Louis A. Perez, Jr.


On his book Cuba in the American Imagination: Metaphor and the Imperial Ethos

Cover Interview of March 02, 2009


Cuba in the American Imagination seeks to offer an alternative mode for the analysis of the moral context from which Americans have presumed to exercise power in the world at large.  In this order of things, the validation of hegemony was transacted most commonly within a system of symbolic representations, inscribed with conventional wisdom and received truths to convey as commonplace the premise and propriety of the exercise of U.S. power.

The use of metaphor has been vital in this process.  Metaphors serve as a means to mediate reality and have so insinuated themselves into the commonplace political vernacular as to cease to be apprehended at all.  Metaphors offer a cognitive context in which to apprehend the world, a way to arrive at an understanding of a time and place, often the very basis upon which a people choose one course of action among others.  To confront metaphor is not only to engage a form of knowledge but also to contend with a source of moral validation through which systems of domination normalize the rationale of power.  To call attention to the activity of metaphor in this setting is to argue that systems of domination function best as a matter of moral inducement: where reality is embedded in borrowed cultural models.  Metaphors contained within their very logic the capacity to expand fully into paradigms, whereupon they act to transform moral-to-live-by into prescription-to-act-upon.  This is to understand the use of metaphor as a deed of intent and purpose.  To choose to mediate reality by way of one set of cultural representations is also and at the same time to prompt a culturally-determined and politically-desired course of conduct.  Metaphors have their politics, and their politics are conveyed by way either of disguising differences or suggesting similarities.  Point of view is inscribed within the metaphor, which is to suggest that the politics is embedded within the image.  That is their purpose.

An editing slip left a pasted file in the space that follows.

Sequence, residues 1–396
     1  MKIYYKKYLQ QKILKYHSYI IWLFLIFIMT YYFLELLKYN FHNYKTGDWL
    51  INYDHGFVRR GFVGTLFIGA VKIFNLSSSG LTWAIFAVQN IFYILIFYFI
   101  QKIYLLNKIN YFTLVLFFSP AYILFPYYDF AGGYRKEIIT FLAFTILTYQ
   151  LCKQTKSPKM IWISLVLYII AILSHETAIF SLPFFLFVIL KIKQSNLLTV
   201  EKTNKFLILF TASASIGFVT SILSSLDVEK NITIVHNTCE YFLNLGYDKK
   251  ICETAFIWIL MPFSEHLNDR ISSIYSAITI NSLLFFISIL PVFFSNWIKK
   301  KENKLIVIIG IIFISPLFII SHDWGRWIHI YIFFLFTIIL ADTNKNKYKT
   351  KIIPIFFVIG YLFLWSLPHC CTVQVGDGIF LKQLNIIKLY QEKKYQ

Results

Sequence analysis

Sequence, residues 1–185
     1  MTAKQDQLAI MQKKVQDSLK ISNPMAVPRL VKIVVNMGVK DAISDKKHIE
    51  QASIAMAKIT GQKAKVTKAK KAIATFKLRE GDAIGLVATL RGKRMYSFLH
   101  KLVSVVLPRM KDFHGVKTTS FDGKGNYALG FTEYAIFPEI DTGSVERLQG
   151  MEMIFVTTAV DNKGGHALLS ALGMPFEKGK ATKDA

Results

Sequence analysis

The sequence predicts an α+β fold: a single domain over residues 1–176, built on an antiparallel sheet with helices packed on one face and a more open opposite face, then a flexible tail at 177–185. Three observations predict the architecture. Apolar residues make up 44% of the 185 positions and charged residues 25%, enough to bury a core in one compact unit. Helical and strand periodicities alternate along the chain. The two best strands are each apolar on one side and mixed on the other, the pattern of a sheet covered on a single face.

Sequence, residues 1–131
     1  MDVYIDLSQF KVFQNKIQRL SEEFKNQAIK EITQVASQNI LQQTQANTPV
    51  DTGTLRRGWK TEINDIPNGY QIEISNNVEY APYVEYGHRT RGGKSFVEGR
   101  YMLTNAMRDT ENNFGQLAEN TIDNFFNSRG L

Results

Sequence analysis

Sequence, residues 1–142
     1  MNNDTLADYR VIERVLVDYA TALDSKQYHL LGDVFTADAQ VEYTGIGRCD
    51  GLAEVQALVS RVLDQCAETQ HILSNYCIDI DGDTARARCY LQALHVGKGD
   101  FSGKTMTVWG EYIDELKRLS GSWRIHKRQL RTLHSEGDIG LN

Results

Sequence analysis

© 2009 Louis Pérez